It's too bad that this movie has obscure art house tendencies, because Mads Mikkelsen is really good as the brutal One-Eye.  He doesn't have any lines, but is unquestionably the most interesting character in the film.  He rarely exudes anything more than hated, but this is an impressive performance, made all the more noteworthy for its lack of dialogue.  The other characters are largely inconsequential; if you've got a good eye for the character actors of Great Britain, you might recognize Gary Lewis, Ewan Stewart, or Alexander Morton.  They usually play small parts in big-budget movies that need British or Irish characters, and they do the same here.  The young boy, Maarten Stevenson, isn't a terrible child actor, but this definitely isn't one of those performances that will wow you with his talent or maturity.
"Operation" is less fun when only one of you is playing.

This is less about that actors than it is about the direction.  Nicolas Winding Refn makes his presence known here, but aside from showing off his love of violence, I don't know what he was attempting with Valhalla Rising.  He co-wrote the screenplay, so you would think the movie would be easier to understand than the work of a director interpreting someone else's words.  Not so much.  The bare bones of the narrative --- they go from point A to point B --- is somewhat clear, but even that could be up for debate.  Did they die on their voyage to not-Jerusalem?  Are they now in the afterlife?  Or did they just find Newfoundland a little early?  It's frustrating that even that basic part of the story is ambiguous.  I like it when directors try something new and I'm willing to forgive someone whose intent exceeds their reach.  This, though, is just pretentious.

The movie also leaves me with more questions than answers.  Why on Earth is this movie called Valhalla Rising?  I don't see a single reference to Vikings, unless One-Eye is Nordic.  The only hint I can see to that being true is the fact that the head of the Norse pantheon, Odin, is another great warrior with one eye.  I didn't see anything else to connect him with the Vikings or Odin, though.  The Crusaders are obviously not Vikings, if only because they have Irish and English accents.  There is a scene where everyone in the party drinks from the same gourd; the next ten minutes are like a slow-motion nightmare, and I'm not sure what is going on.  Is that guy in the mud raping his buddy?  Why is One-Eye building a cairn?  What was in that gourd, anyway?  Whatever, it was unimportant enough to never be mentioned again.  Isn't that odd?  A ten-minute nightmarish scene with no explanation is never mentioned again?  Man, Refn pissed me off.  The entire last chapter of the movie was equally frustrating.  Obviously, there is a sacrifice, but it unclear why it is being done.  And why do the natives have shillelaghs?  Whatever.  I stopped caring.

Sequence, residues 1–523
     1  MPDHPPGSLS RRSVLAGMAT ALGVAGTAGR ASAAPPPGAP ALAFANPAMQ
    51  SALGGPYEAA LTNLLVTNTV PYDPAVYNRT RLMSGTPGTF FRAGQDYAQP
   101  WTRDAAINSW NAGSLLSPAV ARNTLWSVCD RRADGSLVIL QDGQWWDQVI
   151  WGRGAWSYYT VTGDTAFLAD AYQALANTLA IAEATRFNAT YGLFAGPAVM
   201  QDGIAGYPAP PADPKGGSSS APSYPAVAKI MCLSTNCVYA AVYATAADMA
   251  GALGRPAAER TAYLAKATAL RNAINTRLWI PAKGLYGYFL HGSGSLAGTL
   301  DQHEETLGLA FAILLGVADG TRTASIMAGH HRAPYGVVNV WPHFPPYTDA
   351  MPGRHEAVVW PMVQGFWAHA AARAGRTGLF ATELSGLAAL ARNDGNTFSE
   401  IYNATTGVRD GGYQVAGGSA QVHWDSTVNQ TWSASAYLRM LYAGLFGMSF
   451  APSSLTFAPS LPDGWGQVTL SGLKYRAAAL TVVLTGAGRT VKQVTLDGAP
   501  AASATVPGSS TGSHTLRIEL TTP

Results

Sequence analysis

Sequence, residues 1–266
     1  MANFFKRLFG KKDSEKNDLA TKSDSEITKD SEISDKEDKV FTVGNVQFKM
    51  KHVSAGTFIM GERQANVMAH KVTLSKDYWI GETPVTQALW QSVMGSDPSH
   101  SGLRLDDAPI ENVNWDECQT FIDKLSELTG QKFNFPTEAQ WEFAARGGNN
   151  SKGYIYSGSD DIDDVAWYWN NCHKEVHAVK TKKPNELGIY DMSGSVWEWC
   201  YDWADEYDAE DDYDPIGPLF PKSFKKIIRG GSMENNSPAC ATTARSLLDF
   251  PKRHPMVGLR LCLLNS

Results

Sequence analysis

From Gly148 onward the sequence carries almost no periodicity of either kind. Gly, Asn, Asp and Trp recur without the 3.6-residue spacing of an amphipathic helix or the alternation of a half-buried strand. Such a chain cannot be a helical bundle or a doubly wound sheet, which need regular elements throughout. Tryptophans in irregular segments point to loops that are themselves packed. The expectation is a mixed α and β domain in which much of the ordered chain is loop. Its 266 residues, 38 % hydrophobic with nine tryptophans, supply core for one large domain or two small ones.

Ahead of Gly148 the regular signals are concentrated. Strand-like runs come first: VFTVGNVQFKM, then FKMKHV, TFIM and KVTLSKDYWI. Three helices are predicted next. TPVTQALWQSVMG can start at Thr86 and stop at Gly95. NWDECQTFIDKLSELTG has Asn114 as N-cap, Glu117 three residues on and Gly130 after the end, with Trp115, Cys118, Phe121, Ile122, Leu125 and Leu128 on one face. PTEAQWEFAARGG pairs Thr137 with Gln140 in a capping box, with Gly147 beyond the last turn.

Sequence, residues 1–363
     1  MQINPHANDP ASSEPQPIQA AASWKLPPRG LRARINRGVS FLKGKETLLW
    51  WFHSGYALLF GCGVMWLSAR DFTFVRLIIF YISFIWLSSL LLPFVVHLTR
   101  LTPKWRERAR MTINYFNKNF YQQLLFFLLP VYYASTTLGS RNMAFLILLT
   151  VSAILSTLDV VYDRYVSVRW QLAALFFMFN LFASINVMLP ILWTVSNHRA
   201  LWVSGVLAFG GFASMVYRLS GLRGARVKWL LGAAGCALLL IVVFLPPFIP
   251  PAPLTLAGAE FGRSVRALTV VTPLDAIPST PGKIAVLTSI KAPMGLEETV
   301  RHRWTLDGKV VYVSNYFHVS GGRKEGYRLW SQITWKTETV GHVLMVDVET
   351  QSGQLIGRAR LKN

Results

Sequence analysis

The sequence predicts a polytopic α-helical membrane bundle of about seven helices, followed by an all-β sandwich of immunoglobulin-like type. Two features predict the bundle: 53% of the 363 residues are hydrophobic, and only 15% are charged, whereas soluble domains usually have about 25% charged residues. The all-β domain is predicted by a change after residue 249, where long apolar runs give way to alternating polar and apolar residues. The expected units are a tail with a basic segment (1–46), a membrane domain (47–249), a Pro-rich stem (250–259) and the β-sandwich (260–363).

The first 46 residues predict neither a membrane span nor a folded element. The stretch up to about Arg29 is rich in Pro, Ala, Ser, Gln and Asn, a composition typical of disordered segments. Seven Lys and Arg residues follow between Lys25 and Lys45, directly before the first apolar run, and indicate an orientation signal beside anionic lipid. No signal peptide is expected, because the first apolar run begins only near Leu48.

This movie's deliberately impenetrable nature wastes a powerhouse performance by Mads Mikkelsen.  I can't even recommend the film on the action and violence, unless I include an explicit warning that this is more of a head-scratcher than 2001: A Space Odyssey.  The first third of the film moved quickly and contained most of Mikkelsen's awesomeness, but the rest of the film bowed under a the filmmaker's pretension and poor pacing.


  1. Well, if it was a Scottish clan that captured Oneeye, what the hell was the kid drawing viking symbols on his back? It is more likely to be a Scandinavian tribe. One of those that invaded England. Just my 2c

  2. In all honesty, I don't remember what made me think it was a Scottish clan. I remember pondering this subject, but don't recall what made my decision. You could definitely be correct.

    I guess when I think of the Vikings that invaded the UK, I think of them as the people who took up farming and town life, forever changing language and genetics in the area. The small, scrappy, land-bound group(s) in this movie struck me as very different --- maybe because they were afraid of Christians? I don't know. The lines between native and invading forces in the UK is blurry to me.